Q I’m looking to put some bigger cams in my Civic Si’s K20 but keep hearing about chain slap. After reading the forums, now I’m starting to think I should just avoid doing cams altogether. What do you guys think? Does this problem only happen with certain cams or should I just keep what I’ve got?
A Some camshaft makers would have you believe otherwise, but timing chain slap is indicative of a poor camshaft profile. By design, K-series exhaust valves close rapidly—quicker than older B-series or D-series engines. Some higher-lift, longer-duration camshaft profiles that feature steeper and improperly designed closing ramps only accelerate all of this, causing the exhaust valves to slam shut against their respective seats. Each time they slam shut, the chain builds slack, and each time they slam shut, the timing chain tensioner’s internal piston bashes against its ratcheting mechanism. All of this leads to premature tensioner wear, which can lead to excessive chain slack and some pretty serious engine damage. Worst of all, you’ll never know any of this is happening until it’s too late since you can’t easily monitor the tensioner and, even if you could, all of this happens way too quickly. Despite all of this, though, there are several aftermarket K-series cams for you to choose from that work exactly as Honda intended without muddling up your engine. We suggest having a look on your favorite Honda forum and see how your fellow K-series brethren have fared with what’s currently available.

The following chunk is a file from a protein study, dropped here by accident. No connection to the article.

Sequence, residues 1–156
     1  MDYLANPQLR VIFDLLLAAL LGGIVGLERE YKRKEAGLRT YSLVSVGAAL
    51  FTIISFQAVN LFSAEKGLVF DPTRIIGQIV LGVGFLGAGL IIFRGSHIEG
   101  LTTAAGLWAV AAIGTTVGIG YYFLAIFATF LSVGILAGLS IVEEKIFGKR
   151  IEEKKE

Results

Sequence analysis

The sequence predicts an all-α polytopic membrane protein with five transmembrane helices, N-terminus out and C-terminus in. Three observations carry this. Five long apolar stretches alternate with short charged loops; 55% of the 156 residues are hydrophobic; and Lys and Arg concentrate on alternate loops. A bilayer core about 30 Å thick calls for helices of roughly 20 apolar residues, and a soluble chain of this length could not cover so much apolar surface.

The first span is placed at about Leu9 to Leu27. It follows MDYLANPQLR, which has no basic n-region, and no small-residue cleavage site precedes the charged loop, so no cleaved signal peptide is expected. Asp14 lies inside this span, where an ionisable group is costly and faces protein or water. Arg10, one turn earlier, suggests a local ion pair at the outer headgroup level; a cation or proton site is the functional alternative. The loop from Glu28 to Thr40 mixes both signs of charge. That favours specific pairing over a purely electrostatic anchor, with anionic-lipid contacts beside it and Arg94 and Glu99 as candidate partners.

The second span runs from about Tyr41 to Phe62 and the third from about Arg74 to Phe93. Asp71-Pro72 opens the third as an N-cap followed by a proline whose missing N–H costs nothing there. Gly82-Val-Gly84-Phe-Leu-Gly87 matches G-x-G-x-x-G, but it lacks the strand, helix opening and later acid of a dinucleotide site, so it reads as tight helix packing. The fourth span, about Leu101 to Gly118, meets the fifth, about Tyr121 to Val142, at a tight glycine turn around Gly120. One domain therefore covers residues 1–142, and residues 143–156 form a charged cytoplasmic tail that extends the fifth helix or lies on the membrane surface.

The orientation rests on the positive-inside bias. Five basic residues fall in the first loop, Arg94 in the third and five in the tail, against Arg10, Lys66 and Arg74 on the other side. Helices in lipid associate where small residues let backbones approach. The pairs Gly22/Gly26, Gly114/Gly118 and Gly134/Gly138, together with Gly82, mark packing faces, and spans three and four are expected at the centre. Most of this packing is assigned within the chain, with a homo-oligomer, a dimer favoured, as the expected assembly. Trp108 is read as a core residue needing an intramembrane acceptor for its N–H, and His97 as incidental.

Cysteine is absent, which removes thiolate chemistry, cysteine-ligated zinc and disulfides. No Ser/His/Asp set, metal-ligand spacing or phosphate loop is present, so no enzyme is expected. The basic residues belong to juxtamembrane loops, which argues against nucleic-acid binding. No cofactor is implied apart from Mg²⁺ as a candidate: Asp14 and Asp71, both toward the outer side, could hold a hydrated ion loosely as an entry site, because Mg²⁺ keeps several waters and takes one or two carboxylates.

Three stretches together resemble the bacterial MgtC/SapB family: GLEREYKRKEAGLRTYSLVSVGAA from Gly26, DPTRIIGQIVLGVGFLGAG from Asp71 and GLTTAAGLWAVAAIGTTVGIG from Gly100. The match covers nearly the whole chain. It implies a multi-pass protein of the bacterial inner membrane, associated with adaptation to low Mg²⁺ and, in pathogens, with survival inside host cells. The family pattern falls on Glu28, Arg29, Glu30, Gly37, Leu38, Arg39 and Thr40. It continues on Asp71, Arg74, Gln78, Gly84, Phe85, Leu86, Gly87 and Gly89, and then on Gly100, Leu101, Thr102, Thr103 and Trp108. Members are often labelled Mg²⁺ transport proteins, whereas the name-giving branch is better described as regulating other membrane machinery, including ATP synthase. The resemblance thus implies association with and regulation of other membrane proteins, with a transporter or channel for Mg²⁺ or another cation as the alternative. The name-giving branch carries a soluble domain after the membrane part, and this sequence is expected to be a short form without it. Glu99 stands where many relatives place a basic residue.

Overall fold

Q I’ll be assembling my 240’s KA24DE turbo engine later this year and am trying to prepare myself ahead of time. First off, I know I need to use head studs instead of the factory bolts, but I don’t know why. Second, how important is it that I use a stretch gauge on my rod bolts? I only have a torque wrench.
A Depending on how much power you plan on making—and, in turn, how much cylinder pressure you’ll end up with—head studs may not be necessary. In many cases, a set of new OEM head bolts is fine. But nobody’s ever regretted upgrading to head studs, especially if you’re dealing with forced induction. Aftermarket head studs, like those from ARP, are significantly stronger than whatever bolts Nissan supplied you with, which were designed to do nothing more than fasten your stock cylinder head to your stock engine block without whatever cylinder pressure your turbocharger’s about to add. But head studs do more, like provide more accurate and more consistent clamping loads. When tightening a bolt, it’s got to be twisted into the block at the same time. Here, vertical and radial forces are being applied to the fastener simultaneously. Since studs are installed into the block in a relaxed state before tightening down whatever nuts they use, only vertical stress is applied to them during the tightening process, which yields more accurate results. As far as using a stretch gauge, it’s a valuable tool to have if you plan on assembling engines for a living. If not, you can ask your machine shop to pre-stretch your rod bolts. You might not think so, but every single bolt and stud on your engine is elastic and was designed to stretch. Once it stretches to its predetermined amount, it can do its job. Generally, tightening a fastener based on a specified torque value is sufficient—like what most factory service manuals call for—but in cases where a higher level of precision is required, like with rod bolts, stretching is generally the preferred method.